Rajula Gupta lists out some home truths for youngsters waiting in the wings to float their start-ups
Launching a start-up is not for the faint hearted and the chances of you failing far exceed the chances of you achieving any kind of success. The reality is that 90% of all start-ups fail within the first three years of their existence. If you are reading this and thinking of starting up, let me give you 5 good reasons NOT to
1. Not Able to Deal with Failure: If you are like most people who hate to fail or someone who thinks that failure is not an option or someone who has never failed in their life so far, dealing with constant failure and rejection is a good reason not to start-up. A start-up founder deals with failure every single day in every aspect of their operation. Not only do you need to embrace failure and deal with its fallout, but you also need to constantly reinvent yourself and overcome failure and move forward. If this does not sound like you, it is best to stay out of the start-up world.
2. Dependent on Government Schemes: If you are someone who believe in all the announcements made by the government and their representatives about how much support is available from the government and why Goa is the ideal place to launch your start-up, think again! More than thinking, just do some research about how many start-ups have succeeded using the The government’s help. Please do not mistake that receiving grant money or funding from the government as a mark of success, rather the opposite is true. Most start-ups who have received this grant money have spent it all with no accountability and have quietly shut shop when the money has run out. The chances of you succeeding with no outside funding are far better than if you received external funding too early in your start-up and that too from the government.
3. Support from a Start-up Incubation Center: Today’s incubation centers have become their own business as the grant funding they receive is not enough for them to sustain their own operations and hence they have started charging a variety of user fees to any new start-up who wants to incubate from their center. They give you the impression that by launching training programs, bringing in “experts” to mentor you and organising pitching competitions, they are trying to help you. The reality is that 90% of all incubation center employees have no start-up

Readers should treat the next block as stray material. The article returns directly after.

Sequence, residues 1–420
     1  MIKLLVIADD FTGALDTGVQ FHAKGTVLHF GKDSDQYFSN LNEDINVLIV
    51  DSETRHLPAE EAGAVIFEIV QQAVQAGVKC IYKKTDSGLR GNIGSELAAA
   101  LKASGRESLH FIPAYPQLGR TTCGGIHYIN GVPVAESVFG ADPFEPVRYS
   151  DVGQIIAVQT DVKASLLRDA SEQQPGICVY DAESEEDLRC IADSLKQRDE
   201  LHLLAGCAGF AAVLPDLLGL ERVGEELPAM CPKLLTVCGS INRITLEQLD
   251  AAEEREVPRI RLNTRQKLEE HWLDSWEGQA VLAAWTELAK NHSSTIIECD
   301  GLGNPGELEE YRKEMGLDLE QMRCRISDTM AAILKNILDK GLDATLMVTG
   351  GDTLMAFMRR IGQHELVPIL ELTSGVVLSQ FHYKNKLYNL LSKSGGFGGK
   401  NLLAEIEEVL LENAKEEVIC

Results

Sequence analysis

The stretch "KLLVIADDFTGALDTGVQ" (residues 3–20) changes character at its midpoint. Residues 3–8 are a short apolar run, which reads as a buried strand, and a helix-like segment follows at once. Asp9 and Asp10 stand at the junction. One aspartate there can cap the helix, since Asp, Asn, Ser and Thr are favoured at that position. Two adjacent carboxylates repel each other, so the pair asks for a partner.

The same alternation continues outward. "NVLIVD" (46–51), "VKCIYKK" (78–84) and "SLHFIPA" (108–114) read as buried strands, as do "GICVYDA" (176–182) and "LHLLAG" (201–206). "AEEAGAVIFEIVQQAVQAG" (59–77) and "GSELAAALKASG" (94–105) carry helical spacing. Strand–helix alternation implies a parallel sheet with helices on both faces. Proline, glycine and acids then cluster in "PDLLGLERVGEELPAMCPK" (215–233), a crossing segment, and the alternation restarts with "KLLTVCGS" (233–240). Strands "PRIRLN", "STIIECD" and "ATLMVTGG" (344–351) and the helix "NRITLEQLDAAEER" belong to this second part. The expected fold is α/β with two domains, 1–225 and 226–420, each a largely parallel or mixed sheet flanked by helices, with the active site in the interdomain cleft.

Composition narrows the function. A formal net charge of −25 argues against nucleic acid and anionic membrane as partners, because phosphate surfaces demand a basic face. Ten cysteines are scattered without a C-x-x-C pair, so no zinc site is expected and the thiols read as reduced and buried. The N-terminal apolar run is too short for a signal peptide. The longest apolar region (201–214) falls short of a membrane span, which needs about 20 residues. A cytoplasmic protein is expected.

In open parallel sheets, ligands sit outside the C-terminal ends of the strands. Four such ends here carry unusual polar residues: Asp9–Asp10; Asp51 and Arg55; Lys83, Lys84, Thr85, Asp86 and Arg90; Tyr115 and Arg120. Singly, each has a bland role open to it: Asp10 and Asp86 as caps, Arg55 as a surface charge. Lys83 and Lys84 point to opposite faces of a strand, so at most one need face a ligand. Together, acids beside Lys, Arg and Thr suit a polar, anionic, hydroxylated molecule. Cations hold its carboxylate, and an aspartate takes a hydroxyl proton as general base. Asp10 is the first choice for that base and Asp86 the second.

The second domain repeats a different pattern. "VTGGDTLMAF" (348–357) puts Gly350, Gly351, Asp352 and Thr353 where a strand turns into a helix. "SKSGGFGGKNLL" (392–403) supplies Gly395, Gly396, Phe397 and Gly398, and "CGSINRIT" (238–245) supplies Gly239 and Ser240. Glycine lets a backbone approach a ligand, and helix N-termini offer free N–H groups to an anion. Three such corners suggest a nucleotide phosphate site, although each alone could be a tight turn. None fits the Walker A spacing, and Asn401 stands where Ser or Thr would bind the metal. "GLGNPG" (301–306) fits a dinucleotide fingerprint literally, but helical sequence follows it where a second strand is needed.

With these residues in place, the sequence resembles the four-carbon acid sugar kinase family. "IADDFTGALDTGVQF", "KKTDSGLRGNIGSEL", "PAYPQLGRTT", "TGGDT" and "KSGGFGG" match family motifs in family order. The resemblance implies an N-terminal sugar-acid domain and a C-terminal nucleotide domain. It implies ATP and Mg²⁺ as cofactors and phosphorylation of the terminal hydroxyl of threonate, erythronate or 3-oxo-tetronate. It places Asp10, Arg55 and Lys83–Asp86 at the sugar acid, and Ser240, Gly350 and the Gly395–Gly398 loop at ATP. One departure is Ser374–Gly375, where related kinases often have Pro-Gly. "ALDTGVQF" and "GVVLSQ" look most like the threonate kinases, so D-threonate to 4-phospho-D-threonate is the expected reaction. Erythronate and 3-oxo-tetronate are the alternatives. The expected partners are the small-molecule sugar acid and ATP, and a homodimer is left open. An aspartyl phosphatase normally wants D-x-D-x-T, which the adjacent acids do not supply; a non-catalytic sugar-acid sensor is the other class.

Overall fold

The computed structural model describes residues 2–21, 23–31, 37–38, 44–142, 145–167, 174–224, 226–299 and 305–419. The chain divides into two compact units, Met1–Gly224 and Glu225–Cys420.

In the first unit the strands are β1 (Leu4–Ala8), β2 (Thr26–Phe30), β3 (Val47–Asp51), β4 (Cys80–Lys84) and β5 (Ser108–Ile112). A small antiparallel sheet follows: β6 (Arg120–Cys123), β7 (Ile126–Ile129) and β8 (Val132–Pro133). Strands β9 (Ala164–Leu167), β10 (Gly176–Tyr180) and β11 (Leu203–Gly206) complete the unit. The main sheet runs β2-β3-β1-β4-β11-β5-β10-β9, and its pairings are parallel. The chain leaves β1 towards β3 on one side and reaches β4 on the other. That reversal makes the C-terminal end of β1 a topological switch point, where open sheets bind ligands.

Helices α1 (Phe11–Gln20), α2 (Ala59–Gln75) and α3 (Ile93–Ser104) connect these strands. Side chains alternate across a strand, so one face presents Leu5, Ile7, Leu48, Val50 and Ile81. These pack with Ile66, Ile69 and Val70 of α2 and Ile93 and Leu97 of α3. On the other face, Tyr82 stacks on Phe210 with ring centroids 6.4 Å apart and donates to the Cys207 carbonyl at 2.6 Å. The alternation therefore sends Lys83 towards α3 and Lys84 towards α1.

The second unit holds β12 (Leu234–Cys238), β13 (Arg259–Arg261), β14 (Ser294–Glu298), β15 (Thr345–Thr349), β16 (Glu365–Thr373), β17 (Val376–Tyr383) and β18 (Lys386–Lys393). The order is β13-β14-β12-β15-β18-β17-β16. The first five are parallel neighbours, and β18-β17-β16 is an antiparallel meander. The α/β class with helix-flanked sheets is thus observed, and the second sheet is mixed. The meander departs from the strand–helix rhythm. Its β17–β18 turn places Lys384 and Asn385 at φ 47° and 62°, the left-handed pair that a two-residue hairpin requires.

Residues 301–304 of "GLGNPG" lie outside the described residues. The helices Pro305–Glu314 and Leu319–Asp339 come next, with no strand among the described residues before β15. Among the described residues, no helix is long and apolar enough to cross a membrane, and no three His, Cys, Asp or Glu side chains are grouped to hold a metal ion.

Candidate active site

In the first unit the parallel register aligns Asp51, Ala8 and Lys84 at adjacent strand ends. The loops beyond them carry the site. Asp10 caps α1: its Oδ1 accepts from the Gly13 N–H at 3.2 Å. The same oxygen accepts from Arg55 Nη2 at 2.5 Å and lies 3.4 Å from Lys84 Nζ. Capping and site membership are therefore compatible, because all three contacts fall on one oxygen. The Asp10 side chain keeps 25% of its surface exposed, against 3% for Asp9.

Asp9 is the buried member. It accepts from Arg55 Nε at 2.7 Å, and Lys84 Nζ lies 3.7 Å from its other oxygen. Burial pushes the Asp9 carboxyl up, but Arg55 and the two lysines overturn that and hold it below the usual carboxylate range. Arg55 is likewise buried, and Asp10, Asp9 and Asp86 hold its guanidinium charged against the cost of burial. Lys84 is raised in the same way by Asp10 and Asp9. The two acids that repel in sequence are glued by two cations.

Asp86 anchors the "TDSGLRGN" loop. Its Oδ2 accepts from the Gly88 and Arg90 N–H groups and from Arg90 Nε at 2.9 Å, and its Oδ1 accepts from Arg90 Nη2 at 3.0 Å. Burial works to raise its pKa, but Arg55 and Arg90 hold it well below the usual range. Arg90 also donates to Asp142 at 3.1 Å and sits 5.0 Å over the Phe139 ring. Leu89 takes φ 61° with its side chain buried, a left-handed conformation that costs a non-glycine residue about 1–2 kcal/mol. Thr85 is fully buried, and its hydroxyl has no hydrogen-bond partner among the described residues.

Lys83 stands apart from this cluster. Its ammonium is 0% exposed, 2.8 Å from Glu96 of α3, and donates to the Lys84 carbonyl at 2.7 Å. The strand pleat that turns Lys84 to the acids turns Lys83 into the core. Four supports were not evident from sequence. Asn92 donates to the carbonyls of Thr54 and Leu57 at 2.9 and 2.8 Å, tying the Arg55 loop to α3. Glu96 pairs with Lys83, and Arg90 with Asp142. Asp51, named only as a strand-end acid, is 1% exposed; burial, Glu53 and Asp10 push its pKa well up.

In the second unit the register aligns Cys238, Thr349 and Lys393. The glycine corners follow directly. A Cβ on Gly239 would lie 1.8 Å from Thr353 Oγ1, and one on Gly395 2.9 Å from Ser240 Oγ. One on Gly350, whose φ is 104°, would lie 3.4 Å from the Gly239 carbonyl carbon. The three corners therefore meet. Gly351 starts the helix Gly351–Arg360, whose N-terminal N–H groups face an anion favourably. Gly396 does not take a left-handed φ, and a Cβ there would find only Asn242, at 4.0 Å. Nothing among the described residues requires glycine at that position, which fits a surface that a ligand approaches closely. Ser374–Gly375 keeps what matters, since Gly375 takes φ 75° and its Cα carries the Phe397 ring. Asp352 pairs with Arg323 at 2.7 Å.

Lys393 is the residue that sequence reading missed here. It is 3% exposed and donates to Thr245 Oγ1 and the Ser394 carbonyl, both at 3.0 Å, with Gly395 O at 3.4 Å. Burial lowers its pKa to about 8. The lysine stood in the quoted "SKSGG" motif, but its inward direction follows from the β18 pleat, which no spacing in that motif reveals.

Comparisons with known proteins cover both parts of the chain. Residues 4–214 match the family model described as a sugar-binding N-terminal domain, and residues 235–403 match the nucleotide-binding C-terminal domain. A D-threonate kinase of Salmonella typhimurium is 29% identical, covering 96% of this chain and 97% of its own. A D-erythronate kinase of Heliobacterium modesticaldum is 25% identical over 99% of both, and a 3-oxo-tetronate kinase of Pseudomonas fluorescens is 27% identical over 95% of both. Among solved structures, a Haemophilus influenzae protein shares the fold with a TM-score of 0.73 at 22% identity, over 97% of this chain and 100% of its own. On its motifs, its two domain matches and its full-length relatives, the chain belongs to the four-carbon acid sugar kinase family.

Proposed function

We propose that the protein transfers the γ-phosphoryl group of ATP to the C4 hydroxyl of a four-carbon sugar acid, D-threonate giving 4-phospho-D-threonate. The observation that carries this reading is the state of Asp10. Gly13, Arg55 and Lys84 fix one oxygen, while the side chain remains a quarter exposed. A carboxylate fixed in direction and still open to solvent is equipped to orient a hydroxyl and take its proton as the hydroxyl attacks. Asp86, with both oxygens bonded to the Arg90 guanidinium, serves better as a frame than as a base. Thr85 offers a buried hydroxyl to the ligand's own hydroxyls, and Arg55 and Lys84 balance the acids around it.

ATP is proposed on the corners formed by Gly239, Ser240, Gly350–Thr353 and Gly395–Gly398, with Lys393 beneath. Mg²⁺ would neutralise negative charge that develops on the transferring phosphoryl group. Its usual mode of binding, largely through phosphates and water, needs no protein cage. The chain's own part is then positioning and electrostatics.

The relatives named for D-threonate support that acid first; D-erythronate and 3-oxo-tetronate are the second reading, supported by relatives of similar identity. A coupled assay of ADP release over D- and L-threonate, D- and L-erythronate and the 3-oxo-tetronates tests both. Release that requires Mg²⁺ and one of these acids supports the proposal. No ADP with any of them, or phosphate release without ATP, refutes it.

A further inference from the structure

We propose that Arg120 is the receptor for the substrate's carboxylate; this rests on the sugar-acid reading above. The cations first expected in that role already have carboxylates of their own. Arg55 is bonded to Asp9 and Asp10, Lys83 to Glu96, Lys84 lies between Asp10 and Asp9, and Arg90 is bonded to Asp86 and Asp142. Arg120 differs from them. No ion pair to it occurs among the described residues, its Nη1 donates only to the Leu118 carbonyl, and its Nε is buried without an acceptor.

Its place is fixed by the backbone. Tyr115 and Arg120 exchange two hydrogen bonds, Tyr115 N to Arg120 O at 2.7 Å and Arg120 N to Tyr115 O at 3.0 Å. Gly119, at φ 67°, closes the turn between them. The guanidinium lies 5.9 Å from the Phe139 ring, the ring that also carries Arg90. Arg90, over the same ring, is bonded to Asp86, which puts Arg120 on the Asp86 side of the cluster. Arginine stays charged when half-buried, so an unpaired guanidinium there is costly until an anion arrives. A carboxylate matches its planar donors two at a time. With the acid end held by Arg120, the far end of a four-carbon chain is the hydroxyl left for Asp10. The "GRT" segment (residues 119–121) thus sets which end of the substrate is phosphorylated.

experience of their own and have never run their own business so how can you expect them to understand the needs and struggles of a start-up founder, let alone provide them with effective guidance to succeed. Just like government funds, incubation centers have a dismal track record when to comes to showcasing start-ups that have succeeded from their centers. If you honestly believe in your idea, you can launch it from your own home, garage or backyard, you don’t really need a room in an incubation center.
4. Dependent on External Funding: If you think you have a great idea and think it will be a success IF ONLY you had
some money to start-up, then I suggest you put that idea in cold storage until you have some savings to launch your startup. Research has proven time and again that start-up founders who launched using their own money have acted with a lot more wisdom and restraint when it comes to spending that money and have focused on achieving an operational profit as soon as possible, which gives them the best chance of success. Your only source of funding apart from your own savings should be your friends and family and only borrow a small amount from them that they would not mind losing if you were to fail. Please do not waste your time in pitching competitions and funding events or even chasing angel investors. If you used the same time and energy in making your start-up a success, all these angels will come knocking on your door and you will have the last laugh by simply saying NO to them.
5. Not Being the Subject Expert: I have a simple question for you – are you the subject matter expert in the field of your start-up idea? If the answer is no, then I strongly suggest you drop the idea of launching this start-up. No matter how good a team you think you have or have your best friend as your co-founder who is the “Technical Expert”, such arrangements never work for long as only you may have that burning desire and passion to make your start-up a success at all costs and only you might be willing to sacrifice everything in order to achieve success and that desire may not be truly shared by your co-founders and team members. The Bansal team is a rare exception in a world where the single start-up founder has the best chance of success. The start-up world may seem extremely attractive with the media promoting its success stories but look beyond the headlines and you will notice something interesting – big announcements are being made about getting funding or being bought over and these announcements are not about achieving profits, which in my opinion, remains the only true measure of business success.
Business exists to make a profit and if don’t think your start-up can make a profit in it’s very first year of existence, then I have just given you 5 very good reasons not to start-up!
The writer is a business coach and serial entrepreneur for the past 25 years. Email: email@example.com